Here’s something I hope you know about me by now: Robin McKinley is one of my favorite authors. Ever. I’ve read everything she’s written at least twice, and some of her books I’ve reread more times than I can count. So from the first page of “Shadows,” I fell right back in with McKinley’s writing style, and even though this book came out just a couple weeks ago, it immediately felt comforting and familiar.
Then Maggie meets Casimir, the most beautiful boy she has ever seen. He’s from Oldworld too—and he’s heard of Maggie’s stepfather, and has a guess about Val’s shadows. Maggie doesn’t want to know . . . until earth-shattering events force her to depend on Val and his shadows. And perhaps on her own heritage.
In this dangerously unstable world, neither science nor magic has the necessary answers, but a truce between them is impossible. And although the two are supposed to be incompatible, Maggie’s discovering the world will need both to survive.
Of the books McKinley’s written, I think “Shadows” is most closely related in style to “Dragonhaven” and “Sunshine” in that it takes place in an equivalent to the modern word and is written in the first person. McKinley’s books are always sneakily funny, but I feel like whenever she writes in the first person, the humor is given a bit more free reign through the narrative voice. And Maggie in this book is pretty dang funny. She’s a bit snarky and sarcastic and just generally made me smile. She didn’t quite grab me as much as McKinley’s protagonists usually do, but I liked her all the same.
Can I just take a little sidebar here and give a thumbs up for the way McKinley writes about dogs? I swear the dogs in her books are as much characters as anyone else, and Mongo in this book is no exception. McKinley portrayal of him is so spot on and vivid that half the time I expected to look down and see Mongo curled up by my feet. By the time I finished “Shadows,” I was three-fourths of the way convinced that maybe I really am a dog person after all.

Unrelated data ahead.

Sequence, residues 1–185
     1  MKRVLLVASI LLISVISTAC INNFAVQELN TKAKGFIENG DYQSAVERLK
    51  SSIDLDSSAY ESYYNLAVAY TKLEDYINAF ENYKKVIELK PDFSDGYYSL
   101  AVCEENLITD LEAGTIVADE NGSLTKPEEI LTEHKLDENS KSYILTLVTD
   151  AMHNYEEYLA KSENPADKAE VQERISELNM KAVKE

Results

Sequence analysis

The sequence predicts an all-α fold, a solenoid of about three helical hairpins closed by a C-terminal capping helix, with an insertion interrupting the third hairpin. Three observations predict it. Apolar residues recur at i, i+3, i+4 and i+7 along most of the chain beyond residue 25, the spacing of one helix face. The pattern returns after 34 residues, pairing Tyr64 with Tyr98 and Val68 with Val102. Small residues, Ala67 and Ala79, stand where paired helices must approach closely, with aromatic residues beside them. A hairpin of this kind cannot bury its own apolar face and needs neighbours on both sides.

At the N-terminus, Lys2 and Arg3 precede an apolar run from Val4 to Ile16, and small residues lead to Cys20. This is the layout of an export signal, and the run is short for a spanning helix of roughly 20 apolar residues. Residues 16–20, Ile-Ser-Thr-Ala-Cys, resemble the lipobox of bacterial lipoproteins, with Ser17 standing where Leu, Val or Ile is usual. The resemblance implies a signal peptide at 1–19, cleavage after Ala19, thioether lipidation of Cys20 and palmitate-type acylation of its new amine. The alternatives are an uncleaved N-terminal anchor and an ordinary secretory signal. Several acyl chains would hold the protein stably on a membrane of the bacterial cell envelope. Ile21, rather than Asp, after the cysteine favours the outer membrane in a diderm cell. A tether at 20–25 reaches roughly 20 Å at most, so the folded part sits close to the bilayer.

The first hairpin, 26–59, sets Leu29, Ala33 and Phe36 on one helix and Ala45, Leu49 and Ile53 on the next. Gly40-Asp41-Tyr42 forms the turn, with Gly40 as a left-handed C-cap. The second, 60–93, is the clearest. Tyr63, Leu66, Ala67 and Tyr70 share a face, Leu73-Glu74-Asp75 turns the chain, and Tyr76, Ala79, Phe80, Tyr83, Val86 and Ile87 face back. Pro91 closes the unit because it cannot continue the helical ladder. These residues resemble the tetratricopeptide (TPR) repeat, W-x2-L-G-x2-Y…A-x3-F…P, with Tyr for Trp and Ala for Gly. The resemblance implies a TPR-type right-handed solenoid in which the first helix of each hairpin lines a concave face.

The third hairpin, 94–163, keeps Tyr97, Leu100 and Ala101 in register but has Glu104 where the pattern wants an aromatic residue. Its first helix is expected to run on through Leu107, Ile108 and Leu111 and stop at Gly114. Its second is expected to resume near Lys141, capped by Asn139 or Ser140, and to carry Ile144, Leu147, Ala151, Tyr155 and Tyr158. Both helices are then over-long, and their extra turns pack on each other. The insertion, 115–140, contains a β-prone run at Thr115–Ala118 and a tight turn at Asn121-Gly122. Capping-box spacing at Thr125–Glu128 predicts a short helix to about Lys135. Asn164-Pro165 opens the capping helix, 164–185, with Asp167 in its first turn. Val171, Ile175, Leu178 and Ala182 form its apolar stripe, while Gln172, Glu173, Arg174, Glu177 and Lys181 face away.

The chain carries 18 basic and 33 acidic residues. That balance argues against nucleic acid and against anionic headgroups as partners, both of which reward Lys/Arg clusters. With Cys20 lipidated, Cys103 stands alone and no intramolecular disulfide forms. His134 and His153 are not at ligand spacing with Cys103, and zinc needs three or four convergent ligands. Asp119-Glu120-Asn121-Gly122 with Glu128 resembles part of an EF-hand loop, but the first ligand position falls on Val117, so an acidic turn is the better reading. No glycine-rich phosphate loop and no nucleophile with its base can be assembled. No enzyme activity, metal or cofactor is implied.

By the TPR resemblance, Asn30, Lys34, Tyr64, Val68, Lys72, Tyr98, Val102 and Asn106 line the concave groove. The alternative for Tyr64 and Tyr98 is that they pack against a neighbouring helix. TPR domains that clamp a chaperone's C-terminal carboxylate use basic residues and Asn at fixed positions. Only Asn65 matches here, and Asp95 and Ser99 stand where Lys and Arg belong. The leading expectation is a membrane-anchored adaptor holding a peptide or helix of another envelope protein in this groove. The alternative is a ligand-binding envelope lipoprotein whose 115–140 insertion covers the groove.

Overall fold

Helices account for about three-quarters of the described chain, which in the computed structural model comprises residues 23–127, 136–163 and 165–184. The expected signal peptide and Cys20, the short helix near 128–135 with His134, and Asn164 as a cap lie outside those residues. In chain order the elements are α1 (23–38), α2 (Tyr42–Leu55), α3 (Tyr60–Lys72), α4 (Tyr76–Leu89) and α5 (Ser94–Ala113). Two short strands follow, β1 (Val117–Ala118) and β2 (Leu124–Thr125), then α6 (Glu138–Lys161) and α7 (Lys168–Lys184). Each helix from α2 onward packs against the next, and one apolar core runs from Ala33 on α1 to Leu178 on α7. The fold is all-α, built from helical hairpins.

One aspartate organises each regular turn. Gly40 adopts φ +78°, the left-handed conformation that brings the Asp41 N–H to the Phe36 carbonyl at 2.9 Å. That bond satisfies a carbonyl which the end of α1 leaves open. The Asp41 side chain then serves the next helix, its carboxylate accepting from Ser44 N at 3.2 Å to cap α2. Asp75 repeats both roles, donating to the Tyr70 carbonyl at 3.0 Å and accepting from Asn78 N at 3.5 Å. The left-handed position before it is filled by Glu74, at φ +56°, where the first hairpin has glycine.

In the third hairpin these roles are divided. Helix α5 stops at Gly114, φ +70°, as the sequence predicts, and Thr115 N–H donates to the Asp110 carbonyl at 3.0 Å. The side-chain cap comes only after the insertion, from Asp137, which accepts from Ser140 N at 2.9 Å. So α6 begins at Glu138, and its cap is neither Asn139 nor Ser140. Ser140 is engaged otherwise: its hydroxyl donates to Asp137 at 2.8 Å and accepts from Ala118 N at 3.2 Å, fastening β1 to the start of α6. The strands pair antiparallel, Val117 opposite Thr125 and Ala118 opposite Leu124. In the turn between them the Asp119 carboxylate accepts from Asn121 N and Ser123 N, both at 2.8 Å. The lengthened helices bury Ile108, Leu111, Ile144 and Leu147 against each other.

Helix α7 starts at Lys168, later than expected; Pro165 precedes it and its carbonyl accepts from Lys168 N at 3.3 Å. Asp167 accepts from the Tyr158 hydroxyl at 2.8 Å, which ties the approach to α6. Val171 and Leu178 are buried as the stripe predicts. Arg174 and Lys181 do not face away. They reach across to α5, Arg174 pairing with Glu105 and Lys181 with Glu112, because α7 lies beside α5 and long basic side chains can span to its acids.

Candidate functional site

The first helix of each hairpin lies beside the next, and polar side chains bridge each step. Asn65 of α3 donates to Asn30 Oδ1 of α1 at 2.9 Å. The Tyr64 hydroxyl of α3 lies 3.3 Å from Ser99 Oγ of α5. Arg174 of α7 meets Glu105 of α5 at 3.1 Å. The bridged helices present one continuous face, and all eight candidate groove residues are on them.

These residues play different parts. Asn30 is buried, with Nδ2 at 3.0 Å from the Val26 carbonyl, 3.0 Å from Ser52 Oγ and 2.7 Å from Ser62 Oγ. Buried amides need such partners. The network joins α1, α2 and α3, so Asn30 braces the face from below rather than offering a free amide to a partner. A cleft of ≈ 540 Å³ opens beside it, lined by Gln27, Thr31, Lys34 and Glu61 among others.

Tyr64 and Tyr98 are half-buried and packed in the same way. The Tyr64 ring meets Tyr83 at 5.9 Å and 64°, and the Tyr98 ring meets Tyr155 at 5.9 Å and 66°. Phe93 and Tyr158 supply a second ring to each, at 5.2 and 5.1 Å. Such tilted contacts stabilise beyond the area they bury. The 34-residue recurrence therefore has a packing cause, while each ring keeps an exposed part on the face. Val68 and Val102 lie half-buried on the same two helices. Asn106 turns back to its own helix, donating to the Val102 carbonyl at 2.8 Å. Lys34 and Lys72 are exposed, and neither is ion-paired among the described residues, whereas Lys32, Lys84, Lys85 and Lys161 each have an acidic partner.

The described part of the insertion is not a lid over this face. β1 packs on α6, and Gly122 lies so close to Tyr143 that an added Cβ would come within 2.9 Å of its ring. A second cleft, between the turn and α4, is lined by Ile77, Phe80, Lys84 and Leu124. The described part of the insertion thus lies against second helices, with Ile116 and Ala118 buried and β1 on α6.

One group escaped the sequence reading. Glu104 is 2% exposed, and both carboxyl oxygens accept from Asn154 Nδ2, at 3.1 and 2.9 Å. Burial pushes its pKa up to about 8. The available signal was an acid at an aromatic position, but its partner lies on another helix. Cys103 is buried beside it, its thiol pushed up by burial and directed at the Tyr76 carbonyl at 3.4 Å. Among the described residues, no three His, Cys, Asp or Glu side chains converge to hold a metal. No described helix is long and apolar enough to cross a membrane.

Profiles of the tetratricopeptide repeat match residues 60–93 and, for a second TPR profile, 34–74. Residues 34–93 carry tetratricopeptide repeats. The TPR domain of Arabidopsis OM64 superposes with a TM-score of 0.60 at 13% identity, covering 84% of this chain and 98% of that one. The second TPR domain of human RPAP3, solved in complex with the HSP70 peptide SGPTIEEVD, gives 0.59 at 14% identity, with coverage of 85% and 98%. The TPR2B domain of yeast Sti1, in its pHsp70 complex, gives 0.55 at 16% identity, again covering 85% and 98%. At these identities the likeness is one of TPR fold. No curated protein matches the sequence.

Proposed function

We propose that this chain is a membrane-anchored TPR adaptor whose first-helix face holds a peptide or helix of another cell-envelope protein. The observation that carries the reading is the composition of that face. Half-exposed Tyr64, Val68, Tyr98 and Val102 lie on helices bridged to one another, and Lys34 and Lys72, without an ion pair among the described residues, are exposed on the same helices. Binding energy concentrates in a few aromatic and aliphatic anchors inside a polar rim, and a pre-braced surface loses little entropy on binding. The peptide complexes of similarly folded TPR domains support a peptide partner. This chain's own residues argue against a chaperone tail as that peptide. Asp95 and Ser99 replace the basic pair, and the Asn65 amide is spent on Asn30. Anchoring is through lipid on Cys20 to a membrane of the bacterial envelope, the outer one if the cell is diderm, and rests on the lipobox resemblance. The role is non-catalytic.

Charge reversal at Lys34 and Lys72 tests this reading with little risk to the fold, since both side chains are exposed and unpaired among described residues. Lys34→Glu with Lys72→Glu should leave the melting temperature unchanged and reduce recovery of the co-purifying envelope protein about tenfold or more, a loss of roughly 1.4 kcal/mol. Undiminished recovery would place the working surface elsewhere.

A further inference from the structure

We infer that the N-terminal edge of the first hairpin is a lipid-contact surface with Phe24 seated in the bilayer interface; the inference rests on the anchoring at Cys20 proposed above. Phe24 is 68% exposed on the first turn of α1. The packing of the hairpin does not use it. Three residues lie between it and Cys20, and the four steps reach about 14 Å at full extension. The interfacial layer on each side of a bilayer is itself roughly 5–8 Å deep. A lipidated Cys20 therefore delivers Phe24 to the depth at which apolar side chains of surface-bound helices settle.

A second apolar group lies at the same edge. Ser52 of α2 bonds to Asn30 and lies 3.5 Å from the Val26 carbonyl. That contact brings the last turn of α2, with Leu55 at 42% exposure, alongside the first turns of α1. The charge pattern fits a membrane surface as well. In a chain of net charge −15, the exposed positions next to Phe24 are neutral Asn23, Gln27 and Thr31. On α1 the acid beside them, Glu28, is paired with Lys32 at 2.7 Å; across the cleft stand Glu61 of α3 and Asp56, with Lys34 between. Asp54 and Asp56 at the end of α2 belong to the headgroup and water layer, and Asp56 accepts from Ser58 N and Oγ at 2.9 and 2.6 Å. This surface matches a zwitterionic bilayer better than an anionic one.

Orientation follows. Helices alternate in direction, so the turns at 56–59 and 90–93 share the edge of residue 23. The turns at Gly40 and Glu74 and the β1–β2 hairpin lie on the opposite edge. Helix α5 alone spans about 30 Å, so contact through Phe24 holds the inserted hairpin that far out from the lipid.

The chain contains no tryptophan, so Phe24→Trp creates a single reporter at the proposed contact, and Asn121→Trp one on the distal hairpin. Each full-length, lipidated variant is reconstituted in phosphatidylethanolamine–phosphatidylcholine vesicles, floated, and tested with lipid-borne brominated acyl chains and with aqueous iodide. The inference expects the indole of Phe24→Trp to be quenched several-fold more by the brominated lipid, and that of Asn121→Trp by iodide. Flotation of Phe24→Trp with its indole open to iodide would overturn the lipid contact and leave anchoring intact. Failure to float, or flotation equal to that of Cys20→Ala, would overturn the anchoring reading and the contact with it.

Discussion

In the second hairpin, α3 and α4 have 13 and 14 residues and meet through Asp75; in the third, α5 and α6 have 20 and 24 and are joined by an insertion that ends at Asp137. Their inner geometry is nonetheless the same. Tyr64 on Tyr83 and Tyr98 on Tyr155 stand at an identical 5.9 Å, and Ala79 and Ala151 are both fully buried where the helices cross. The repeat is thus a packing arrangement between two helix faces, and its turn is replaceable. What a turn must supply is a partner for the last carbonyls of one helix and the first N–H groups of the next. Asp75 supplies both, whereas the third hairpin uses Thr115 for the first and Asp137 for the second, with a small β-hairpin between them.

Here’s the other thing I want to give McKinley a high five for: she avoids a love triangle! I was seriously worried that “Shadows” was headed that direction, and although I knew that if anyone could successfully handle a love triangle it’s Robin McKinley (hello, “The Hero and the Crown” and “Sunshine”), I was still dreading a love triangle all the same. But thankfully McKinley steers the book clear of that potential emotional mess and keeps that aspect of the story fairly stress-free.
Now here’s the thing I wasn’t so crazy about. This book felt like the beginning of a series. Except, Robin McKinley (with the exception of “Pegasus”) doesn’t do series. So I was left a little confused. Because while all the small, immediate problems in the book are dealt with, the overarching issues don’t get resolved, and I felt like some of the explanation I needed was never provided (e.g., why cobeys suddenly started appearing in the first place, what was going on with the origami, what the heck was going on with that algebra book, etc.). So I fear that rather than this being a brilliant start to a series, it's actually a slightly frustrating standalone.
Overall, this book was by Robin McKinley, so duh, of course I liked it. I’m a bit confused about whether it’s supposed to be a standalone or not, but in general I had a good time. It didn’t end up being my favorite of hers, but maybe I just need to give it some time and read it again. After all, I struggled with “Chalice,” “Sunshine,” AND “The Hero and the Crown” the first time around, and now they’re some of my favorites of hers. So who knows where “Shadows” will ultimately end up.
Rating: 4 / 5